The third stage of playtesting is 'blind playtesting'. By this point you've an almost finished game and an almost finished rulebook. You provide this to people (ideally not friends and family - but people who can be honest with you) and let them learn the game from the rules - rather than being taught the game by you. You can either watch them, taking notes but not teaching them how to play, or for more un-biased feedback you can just send them a copy of the game and let them send you the feedback.
As usual, there are pros and cons. To get good feedback on the rulebook, the rule book needs to be nearly finished - it doesn't need final art, but it should have the diagrams and almost final layout. The playtesters are likely to provide feedback about the game rules too: They like it; they don't; what about changing this rule or that rule or the components. You'll have to be able to judge the feedback according to your goals. A lighter gamer might suggest something that makes the game simpler, and which makes the game much better in their eyes. A heavier gamer might suggest a change that makes the game deeper. Which do you use? Or neither? You'll need a pretty good idea of where in the market you want to position the game, and judge the feedback according to those criteria. Since this is something you'll likely do near the end of the game's development it's hard both to accept changes (you're happy with the game as it is) and conversely it's hard to stop fiddling with things. You need to be able to judge the suggested changes objectively against your criteria for the game (harder said than done) and draw a line under the game when you're happy with it.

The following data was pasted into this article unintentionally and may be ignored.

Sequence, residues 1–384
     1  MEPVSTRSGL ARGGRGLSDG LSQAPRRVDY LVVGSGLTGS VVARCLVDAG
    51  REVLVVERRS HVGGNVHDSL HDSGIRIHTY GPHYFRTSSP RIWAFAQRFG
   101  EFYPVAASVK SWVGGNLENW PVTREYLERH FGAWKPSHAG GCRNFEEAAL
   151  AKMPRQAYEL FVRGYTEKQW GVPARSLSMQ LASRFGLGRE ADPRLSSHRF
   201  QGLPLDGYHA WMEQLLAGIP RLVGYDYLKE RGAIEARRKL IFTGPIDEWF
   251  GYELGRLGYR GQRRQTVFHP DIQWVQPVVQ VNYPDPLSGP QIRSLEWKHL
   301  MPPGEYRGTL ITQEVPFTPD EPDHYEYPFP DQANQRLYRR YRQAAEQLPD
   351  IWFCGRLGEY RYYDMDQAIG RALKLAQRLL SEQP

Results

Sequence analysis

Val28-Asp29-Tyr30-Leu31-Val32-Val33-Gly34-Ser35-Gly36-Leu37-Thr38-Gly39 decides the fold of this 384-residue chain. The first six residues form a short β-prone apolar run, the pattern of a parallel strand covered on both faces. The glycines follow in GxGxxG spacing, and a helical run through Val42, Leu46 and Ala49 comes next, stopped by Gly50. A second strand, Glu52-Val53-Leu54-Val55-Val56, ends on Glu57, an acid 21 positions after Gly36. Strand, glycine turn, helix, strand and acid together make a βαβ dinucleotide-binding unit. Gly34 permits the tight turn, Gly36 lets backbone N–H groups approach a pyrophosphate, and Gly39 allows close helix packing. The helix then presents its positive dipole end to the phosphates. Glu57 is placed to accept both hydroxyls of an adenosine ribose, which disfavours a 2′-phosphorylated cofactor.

Hopefully, at this stage you've got a great game that everyone loves. Be prepared for some people to hate it though. If you get negative feedback, you'll need to judge whether it's due to a flaw in the game, or just not the playtester's kind of game. Again, this can be difficult.
Want to find out what blind playtesing feels like? Help me playtest Sumeria. I'm looking for four volunteers, two in the US, one in the UK and one in Germany/Europe. It's a family euro-game so: simple rules, fairly deep gameplay, plenty of choices, wafer-thin theme. If that's not your kind of thing please don't apply, I don't need hardcore American gamers telling me it's rubbish because of a lack of plastic miniatures and dice-based combat!
What's in it for you?
- You get a prototype copy of Sumeria months before it's released
- You get your name in the rules as a playtester
- You're entitled to a 50% discount on the finished product
What do you have to do?
- Play the game a lot with your game groups
- Make a note of: who played, whether they've played before, who won, play time
- Provide feedback on the game (including suggested rule changes)
- Provide feedback on the rules - how can I improve the clarity and completeness
How do you sign up? Leave a note in the comments to this post stating which country you live in and why you'd make an excellent playtester. I'll pick the lucky recipients at the end of this week.